The New California Effect: Tropical Deforestation & the Under 2 MOU
The governors of the world are not waiting for a bold global climate deal here at the Paris climate summit (COP21). They are mobilizing to move their states and provinces to the low-carbon economy. Our new report on the “Under 2 MOU” shows that the commitments of just 30 of the 65 signatories could keep 20 billion tons of CO2 out of the atmosphere by 2030 if fully implemented; this could be over 77% of what is needed to avoid dangerous climate change. Most of these reductions will come from slowing tropical deforestation and re-growing new tropical forests.
The Under 2 MOU was launched by Governor Jerry Brown of California less than one year ago. In signing, governors pledge to reduce carbon pollution to below 2 tons CO₂ per person annually, or 80 to 95% below baseline levels, by 2050. Its 65 signatories (expected to grow to over 80 by the end of COP 21) plan to radically reduce their greenhouse gas emissions.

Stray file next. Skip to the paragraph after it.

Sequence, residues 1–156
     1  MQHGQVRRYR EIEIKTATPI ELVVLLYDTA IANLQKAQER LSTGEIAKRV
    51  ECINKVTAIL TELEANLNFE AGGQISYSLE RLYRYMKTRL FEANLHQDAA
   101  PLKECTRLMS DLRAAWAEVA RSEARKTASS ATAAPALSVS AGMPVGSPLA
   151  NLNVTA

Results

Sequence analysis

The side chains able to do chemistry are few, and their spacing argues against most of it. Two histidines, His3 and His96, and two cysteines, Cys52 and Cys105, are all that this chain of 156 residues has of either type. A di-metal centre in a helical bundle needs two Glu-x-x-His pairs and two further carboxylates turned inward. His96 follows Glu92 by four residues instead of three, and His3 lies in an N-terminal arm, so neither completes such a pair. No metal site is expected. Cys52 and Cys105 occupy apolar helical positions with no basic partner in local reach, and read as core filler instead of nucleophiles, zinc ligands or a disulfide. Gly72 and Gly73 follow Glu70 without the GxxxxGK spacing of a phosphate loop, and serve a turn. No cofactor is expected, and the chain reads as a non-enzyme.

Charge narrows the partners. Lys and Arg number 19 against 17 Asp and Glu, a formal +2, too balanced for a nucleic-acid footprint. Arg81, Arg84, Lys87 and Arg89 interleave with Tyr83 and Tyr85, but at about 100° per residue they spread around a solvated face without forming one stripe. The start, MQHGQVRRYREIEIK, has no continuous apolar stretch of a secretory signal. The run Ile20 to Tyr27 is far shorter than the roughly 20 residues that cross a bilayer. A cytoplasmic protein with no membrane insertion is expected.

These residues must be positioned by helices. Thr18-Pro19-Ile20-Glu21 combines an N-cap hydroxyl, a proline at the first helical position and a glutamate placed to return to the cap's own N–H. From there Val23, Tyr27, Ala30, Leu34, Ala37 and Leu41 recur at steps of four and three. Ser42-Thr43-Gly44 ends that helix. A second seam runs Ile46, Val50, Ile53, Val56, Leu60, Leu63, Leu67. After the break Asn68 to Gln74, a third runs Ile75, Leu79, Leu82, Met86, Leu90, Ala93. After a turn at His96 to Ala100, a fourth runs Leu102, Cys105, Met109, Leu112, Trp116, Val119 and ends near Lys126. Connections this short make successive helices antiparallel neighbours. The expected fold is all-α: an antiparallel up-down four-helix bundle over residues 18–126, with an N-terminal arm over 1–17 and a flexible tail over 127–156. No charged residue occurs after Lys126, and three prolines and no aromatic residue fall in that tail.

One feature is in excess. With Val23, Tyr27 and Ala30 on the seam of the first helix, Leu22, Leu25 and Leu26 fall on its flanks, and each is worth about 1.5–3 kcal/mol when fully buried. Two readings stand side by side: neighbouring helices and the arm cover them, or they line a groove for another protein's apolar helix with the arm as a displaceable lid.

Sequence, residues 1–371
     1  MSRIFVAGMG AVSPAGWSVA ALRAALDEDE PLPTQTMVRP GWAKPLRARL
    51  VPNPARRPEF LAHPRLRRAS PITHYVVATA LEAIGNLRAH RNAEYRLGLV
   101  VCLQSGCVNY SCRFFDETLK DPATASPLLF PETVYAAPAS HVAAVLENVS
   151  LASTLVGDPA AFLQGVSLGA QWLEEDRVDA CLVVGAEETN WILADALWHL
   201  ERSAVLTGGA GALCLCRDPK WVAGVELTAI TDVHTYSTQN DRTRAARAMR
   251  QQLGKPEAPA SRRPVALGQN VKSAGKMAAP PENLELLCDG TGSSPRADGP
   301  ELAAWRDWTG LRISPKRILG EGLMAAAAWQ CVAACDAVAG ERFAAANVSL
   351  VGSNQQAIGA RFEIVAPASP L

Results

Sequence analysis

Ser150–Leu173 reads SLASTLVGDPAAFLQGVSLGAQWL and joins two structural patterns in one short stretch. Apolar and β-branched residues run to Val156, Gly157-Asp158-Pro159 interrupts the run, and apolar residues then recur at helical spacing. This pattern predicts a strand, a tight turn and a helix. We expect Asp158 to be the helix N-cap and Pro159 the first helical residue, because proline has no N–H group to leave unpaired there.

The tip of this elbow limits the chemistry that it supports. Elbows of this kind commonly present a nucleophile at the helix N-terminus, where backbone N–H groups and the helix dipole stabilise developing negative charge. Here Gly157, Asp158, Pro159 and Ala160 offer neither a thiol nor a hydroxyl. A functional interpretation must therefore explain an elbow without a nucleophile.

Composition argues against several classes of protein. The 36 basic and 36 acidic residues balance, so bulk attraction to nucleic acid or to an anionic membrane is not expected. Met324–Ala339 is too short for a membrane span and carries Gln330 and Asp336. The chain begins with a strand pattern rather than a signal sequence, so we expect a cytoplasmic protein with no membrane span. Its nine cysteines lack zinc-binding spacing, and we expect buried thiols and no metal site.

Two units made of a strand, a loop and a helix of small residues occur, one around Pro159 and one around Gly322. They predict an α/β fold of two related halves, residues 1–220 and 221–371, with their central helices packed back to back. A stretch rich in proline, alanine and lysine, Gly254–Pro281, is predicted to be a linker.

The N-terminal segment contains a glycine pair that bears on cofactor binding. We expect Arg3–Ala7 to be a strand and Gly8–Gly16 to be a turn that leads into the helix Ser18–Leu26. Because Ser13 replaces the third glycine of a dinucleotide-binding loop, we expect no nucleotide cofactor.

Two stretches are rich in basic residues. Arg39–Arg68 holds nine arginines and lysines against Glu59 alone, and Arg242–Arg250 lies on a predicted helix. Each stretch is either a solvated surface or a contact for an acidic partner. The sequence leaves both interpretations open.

The Under 2 MOU builds upon a previous subnational collaboration launched in California in 2008—the Governors’ Climate and Forests task force (GCF). This partnership has now grown to include 29 states and provinces that contain 1/4th of the world’s tropical forests, including most of the Amazon region and most of the forests of Indonesia. The GCF recently launched the “Rio Branco Declaration”. Its signatories commit to reduce tropical deforestation 80% by 2020.
These global partnerships to tackle climate change are a new manifestation of the “California Effect”, a term that was coined to describe the adoption of California’s progressive legislation on vehicle pollution and increased fuel efficiency beyond its borders. Through the California effect, environmental legislation in the US and beyond is more ambitious. These new global partnerships are continuing a long tradition that is critical to solving climate change.
International climate deals are hugely important. But alone, they will not drive the transition to low carbon economies fast enough. Subnational action can help plug the gap.